Google’s Bloch on Oracle: ‘it was a mistake’

Chris Burns - Apr 20, 2012, 2:48pm CDT
Google’s Bloch on Oracle: ‘it was a mistake’

Oracles lawsuit against Google may have just taken a turn for the worse for the latter company as it appears their own Java guru Joshua Bloch may have admitted some incriminating evidence this Friday. According to Bryan Bishop of The Verge, Oracle’s attorneys questioned Bloch today and appear to have turned up some interesting admissions. The first of these was a question of copying copyrighted Sun code directly for the files under the name – Bloch replied “I don’t recall.”

Illustration depicting Oracle vs Google case via IBN

Of course this in itself isn’t incriminating at all, but the followup response from Oracle may well be. They brought out a 2011 playback of Bloch’s deposition on this same case responding to essentially the same question on the same file. Bloch’s response then was “the same order and same name is a strong indicator that it is likely that I did.” This of course was followed up by Bloch noting (back in 2011) that engineers regularly used that same method in that code. He also noted (in 2011) that he followed up by contributing that code to the Java Development Kit as well.

The key to this situation may well be the fact that Bloch has testified that he wrote the code in question all the way back in 1997, while Sun (now part of Oracle) has the code copyrighted in 2004.

Responding to a question about whether he recalled “accessing” any copyrighted code from Sun or Oracle, he said no, but “under the circumstances I wrote the code, yes, I’m perfectly willing to believe it.” Bloch continued “if I did, it was a mistake, and Im sorry I did it.”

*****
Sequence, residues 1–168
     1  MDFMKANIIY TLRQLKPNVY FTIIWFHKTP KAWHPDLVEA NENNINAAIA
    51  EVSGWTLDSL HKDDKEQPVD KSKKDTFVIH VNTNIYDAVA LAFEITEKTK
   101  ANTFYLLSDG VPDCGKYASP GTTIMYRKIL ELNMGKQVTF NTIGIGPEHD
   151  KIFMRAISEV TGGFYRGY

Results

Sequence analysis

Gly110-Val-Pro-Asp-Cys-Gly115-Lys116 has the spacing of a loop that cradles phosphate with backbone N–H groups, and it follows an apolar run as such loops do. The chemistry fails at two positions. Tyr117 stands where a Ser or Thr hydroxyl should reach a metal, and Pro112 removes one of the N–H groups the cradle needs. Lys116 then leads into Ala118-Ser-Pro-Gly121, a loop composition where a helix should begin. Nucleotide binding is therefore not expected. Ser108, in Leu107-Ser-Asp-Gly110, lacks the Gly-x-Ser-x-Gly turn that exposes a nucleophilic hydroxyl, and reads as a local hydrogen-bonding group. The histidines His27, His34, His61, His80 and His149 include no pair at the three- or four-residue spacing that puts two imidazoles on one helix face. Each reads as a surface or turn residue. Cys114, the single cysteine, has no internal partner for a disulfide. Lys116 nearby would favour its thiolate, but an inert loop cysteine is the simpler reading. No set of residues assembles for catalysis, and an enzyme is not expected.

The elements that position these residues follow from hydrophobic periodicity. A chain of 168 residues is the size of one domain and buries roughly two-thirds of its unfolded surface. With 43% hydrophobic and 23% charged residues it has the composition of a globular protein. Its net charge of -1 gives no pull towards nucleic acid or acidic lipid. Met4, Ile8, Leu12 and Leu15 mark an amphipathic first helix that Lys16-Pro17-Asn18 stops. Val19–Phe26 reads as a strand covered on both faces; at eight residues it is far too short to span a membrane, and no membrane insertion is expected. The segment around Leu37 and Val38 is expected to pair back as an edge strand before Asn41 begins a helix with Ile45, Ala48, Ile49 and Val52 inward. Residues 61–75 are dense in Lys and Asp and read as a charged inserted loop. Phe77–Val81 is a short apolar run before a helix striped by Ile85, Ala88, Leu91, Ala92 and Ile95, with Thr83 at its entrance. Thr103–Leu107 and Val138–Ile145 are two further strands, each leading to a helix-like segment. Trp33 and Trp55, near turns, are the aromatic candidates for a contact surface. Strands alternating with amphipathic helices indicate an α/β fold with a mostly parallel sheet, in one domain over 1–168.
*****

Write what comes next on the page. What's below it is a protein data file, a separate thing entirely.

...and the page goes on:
We’ll be continuing to follow this case as it unfolds.

[via The Verge]

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7 Responses to Google’s Bloch on Oracle: ‘it was a mistake’

  1. Please tell me that the “journalist” whose critical thinking skills are on display here isn’t actually a university graduate.  First there’s the complete misquote of what Bloch said in reference to a line of code he seems to have written 15 years ago and then there’s the ridiculous conclusion drawn from it.

    At least you were efficient enough to include that Bloch wrote the code 7 years BEFORE Sun bothered to copyright it.Nice traffic driving headline though–no matter that it’s a farce.  

    • Not that I’m a fan of Oracle (quite the opposite, in fact), but whether Sun copyrighted the code 7 years later or not is irrelevant.  Copyright protection is granted the second pen hits the paper (or fingers hit the key in this case).  The registration only allows for different damages to be claimed in court.  

      • Ever hear of prior art? You can’t copyright something if it’s already been done before and/or already widely used as a standard. It would be like me trying to copyright the quadratic formula. The code in question is 9 lines that are so simple that there’s only one efficient way to do it.

  2. Unrelated question, why do they have artists in court rooms drawing/painting pictures of what is going on? I seriously cannot grasp who is benefitting from them aside the people getting paid to make them.

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